They’re designed for small block engine builders
who want to use existing 302/351C or 351W
components. 302/351 Ford Racing engines
constructed with Ford Racing block and
Ford Racing cylinder heads are not available
as complete assemblies.
When ordering parts, consider these key points:
• 302 Ford Racing Block (M-6010-R302)—can
be used with all 289/302/302
BOSS applications.
• 351 Ford Racing Blocks (M-6010-E351
thru M-6010-W351)—can be used with all
production 351W applications, except those
relating to crankshaft main bearing diameter.
The 351 Ford Racing block is machined for
the smaller 351C-type bearings. Ford Racing
crankshafts feature the smaller 351C main
journals that are compatible with these blocks.
The block is available in two deck heights
(9.500" and 9.200"), so either Windsor or
Cleveland components can be used topside.
Requires 289/302/351W-type camshaft.
• If 302/351 Ford Racing heads are used on
302/351 Ford Racing blocks, the Ford Racingtype intake manifolds are required.
4.6L/5.4L V8, 6.8L V10, AND 5.0L “MODULAR”
The Modular engine design focuses on lowfriction, best-in-class sealing, long-term
durability, and increased bottom-end stiffness
for reduced noise/vibration/harshness. Common
features are deep-skirt block with cross-bolting,
chain-driven overhead camshafts, direct-mounted
accessories (air-conditioning compressor, power
steering pump, and alternator), valley-mounted
water pump, fully counterweighted crankshaft
with cross-drilled oil feeds, powdered-metal
connecting rods, steel camshafts, and aluminum
heads with low-friction roller finger follower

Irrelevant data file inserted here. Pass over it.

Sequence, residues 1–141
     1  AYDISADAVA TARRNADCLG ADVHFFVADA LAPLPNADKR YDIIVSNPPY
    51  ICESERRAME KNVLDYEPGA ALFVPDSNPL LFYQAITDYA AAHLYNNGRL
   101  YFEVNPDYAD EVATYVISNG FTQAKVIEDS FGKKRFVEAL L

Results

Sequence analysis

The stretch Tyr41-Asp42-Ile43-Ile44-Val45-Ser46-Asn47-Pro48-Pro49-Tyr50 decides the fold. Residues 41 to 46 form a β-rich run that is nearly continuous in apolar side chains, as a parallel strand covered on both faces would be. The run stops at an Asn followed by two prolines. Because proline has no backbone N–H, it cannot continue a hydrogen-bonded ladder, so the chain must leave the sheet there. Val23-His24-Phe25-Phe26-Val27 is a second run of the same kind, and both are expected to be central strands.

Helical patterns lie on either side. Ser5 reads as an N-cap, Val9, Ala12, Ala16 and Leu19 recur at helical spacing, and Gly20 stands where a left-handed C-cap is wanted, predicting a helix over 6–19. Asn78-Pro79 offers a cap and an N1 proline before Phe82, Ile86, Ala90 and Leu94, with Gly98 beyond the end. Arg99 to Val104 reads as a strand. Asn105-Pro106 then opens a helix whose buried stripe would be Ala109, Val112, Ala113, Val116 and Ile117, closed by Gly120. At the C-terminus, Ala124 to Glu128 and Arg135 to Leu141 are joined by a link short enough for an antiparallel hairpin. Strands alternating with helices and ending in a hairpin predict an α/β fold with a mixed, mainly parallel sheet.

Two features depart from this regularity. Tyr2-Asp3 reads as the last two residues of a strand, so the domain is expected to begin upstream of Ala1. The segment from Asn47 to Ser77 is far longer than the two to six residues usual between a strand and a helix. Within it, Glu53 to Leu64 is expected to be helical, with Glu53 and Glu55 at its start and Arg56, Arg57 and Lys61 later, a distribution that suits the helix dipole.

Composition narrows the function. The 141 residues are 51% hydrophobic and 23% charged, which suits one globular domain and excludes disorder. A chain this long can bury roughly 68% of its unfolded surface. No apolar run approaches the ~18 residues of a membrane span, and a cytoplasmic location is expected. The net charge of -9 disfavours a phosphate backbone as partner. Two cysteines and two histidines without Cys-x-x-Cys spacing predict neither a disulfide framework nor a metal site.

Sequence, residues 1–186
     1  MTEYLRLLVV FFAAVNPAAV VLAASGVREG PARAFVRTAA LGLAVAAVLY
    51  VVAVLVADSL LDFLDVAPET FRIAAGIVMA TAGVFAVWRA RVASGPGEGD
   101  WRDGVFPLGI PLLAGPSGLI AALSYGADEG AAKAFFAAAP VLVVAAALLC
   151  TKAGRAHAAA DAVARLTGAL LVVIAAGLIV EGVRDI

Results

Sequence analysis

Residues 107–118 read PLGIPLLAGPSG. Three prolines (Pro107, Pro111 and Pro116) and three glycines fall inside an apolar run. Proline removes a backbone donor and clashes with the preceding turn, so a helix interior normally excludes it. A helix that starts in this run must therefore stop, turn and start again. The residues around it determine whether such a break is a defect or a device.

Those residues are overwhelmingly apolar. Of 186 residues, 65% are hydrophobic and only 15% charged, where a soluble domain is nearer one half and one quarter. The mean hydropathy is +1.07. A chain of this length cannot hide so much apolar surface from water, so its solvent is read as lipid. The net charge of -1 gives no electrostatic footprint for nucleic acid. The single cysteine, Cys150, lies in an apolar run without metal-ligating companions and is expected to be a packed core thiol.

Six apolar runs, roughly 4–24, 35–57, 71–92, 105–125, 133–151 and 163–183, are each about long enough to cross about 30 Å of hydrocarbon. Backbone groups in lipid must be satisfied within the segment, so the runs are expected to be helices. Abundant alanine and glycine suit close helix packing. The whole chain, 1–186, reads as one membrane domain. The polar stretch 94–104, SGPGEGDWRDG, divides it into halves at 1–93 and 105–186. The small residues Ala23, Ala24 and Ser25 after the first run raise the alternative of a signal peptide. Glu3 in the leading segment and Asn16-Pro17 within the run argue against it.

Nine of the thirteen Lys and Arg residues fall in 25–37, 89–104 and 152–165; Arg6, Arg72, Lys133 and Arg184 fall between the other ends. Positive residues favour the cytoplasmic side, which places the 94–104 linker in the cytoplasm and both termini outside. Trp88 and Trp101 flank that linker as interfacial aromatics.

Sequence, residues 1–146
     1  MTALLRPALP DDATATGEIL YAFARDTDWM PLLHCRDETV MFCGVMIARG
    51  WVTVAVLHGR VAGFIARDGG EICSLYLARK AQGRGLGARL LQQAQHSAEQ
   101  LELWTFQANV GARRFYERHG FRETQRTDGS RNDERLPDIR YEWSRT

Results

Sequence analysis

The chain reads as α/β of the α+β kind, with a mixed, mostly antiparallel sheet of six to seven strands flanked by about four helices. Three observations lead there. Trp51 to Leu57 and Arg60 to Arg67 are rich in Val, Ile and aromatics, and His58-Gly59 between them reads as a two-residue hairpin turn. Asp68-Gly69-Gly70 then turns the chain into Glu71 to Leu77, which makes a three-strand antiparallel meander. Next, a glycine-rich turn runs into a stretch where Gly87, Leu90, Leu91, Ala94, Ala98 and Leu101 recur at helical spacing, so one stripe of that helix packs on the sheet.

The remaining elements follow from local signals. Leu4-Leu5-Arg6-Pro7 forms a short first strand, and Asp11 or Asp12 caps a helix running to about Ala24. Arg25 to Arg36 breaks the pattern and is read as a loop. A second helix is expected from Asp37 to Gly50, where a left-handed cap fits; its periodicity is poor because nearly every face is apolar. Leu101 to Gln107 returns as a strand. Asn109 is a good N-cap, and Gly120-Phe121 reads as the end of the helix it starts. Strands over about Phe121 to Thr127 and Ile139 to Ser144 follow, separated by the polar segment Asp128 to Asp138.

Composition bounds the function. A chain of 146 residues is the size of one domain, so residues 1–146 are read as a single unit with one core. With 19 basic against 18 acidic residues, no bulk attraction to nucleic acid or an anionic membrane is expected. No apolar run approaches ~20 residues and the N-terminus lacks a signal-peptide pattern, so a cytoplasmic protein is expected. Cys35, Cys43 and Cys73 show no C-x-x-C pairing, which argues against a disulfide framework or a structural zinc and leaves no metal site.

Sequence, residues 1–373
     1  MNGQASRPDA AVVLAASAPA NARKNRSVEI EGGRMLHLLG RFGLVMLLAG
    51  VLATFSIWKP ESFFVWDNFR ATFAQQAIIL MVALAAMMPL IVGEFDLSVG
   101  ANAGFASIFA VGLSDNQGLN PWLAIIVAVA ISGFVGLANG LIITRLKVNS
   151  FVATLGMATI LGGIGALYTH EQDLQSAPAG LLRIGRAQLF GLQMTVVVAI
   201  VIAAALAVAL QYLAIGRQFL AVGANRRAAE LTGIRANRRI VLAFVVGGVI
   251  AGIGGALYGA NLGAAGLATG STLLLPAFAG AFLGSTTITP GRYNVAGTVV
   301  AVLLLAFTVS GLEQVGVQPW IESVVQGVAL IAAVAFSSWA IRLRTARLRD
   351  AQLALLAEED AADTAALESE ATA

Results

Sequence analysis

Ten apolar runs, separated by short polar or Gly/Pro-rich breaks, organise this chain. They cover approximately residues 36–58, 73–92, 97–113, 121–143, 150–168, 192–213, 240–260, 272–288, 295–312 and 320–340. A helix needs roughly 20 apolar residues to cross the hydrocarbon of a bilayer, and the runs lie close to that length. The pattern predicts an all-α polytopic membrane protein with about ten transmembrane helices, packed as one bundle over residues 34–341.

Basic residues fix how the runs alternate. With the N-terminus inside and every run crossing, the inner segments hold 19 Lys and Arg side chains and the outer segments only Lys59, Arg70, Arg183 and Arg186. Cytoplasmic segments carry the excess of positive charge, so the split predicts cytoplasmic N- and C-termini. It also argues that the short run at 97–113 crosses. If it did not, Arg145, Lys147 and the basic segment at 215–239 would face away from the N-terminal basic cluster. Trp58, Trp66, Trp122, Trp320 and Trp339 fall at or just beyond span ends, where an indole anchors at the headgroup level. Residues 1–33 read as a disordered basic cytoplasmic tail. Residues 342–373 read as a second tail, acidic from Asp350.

valve train. The head bolts extend past the
cylinder bores into the bearing webs, reducing
bore distortion and providing a better seal of the
steel head gaskets. A specific description of each
type follows.
4.6L SOHC 2V/3V
The 4.6L SOHC (2V) was introduced for the 1991
Lincoln Town Car followed by the 1992 Crown
Victoria and 1994 Thunderbird. Made primarily at
the Romeo (Mich.) Engine Plant, it is the basis
for all modular engines, replacing the classic 5.0L
(302 cid) OHV. The original block is cast iron with
a nodular iron crankshaft. Cylinder heads use
in-line valve design with one intake and one
exhaust valve per cylinder. Spark plugs are
angled inboard, towards the top of the engine,
for improved serviceability. A press-fit piston pin
was used for initial car applications, and
replaced by floating pins by 2002.
4.6L 2V truck applications started with the 1996
F-150. With the high demand for V8 engines,
production was soon shared between Windsor
and Romeo. Windsor-built 4.6L engines use a
Windsor-machined cast iron block, sharing a